This post on Smart Guy Productivity Pitfalls is really hitting home for me today. I’m not a programmer, so a lot of the specifics don’t apply, but the big picture stuff really really really does, especially numbers 3-6 on his list:
- Minimize uncertainty. In another blog article, Productivity vs. Uncertainty and Apathy, I talk about how poorly defined goals can lead to poor productivity. If it’s unclear what you need to get done today, then there’s a reasonable chance you won’t actually do anything today.
- Commit to getting something done every day. When you show up in the morning have a well defined set of things to finish that day. Stay as late as you have to in order to finish. By committing to finishing that task other distractions will naturally fall by the wayside. For example, I have jiu-jitsu training at 7pm. If I screw off too much during the day, I don’t get to train. Also, by committing to a task, you avoid “being busy” instead of “getting work done”, they’re not the same thing.
- Never say “I’ll finish it up tomorrow” or “I’ll make up for it by coming in early/staying late/working the weekend”. This is an easy trap to get into, where you keep incurring time debt until at some point you realize you’re now three weeks behind on a task that should have taken two days. This is like racking up credit card bills assuming you can pay them off later. Which is fine, until “later” arrives and you’ve only accumulated more debt.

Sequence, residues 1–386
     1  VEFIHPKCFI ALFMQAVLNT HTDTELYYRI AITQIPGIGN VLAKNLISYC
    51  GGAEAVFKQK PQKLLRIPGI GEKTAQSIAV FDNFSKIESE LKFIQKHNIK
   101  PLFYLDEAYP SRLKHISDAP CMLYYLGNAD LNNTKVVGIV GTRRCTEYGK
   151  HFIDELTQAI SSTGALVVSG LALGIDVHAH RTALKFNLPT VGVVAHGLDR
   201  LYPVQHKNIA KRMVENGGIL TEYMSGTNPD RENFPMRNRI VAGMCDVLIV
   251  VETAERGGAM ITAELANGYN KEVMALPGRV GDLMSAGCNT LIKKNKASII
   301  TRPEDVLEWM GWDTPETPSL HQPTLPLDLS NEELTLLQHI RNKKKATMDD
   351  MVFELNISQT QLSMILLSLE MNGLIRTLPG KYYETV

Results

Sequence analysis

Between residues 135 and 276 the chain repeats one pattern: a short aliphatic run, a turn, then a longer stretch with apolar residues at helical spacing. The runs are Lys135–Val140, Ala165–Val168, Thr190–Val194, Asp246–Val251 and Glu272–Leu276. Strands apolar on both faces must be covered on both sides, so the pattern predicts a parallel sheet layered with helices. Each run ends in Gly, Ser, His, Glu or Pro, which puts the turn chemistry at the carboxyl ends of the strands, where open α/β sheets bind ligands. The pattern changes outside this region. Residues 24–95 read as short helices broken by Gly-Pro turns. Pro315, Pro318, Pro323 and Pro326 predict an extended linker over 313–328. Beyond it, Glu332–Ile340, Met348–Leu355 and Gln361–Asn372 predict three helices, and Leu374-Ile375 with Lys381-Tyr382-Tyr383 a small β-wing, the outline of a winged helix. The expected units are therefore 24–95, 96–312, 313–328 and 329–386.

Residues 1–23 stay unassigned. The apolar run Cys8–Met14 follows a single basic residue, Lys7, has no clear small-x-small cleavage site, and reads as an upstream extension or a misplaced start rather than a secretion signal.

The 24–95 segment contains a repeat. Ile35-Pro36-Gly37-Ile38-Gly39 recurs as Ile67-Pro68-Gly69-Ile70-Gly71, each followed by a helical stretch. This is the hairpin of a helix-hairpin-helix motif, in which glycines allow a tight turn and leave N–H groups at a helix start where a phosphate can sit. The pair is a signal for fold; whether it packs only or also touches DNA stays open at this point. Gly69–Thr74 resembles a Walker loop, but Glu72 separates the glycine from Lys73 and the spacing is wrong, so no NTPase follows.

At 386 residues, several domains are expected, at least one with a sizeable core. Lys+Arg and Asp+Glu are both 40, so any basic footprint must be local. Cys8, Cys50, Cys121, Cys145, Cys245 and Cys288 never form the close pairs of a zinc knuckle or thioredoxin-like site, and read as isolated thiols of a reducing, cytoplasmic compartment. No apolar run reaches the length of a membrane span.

- Do not overpromise to make up for poor productivity. There’s a tendency when we’re falling behind to try to overcompensate with future promises. “When I’m done, it’ll be AWESOME” or “I know I’m late, but I’m positive I’ll be done by Monday”. By doing those things we just build more debt we can’t pay off, and that will eventually lead to a catastrophic melt down when the super final absolutely last deadline date shows up. Just get shit done, don’t talk about how you’re going to get shit done.
Found this via this morning’s ProfHacker.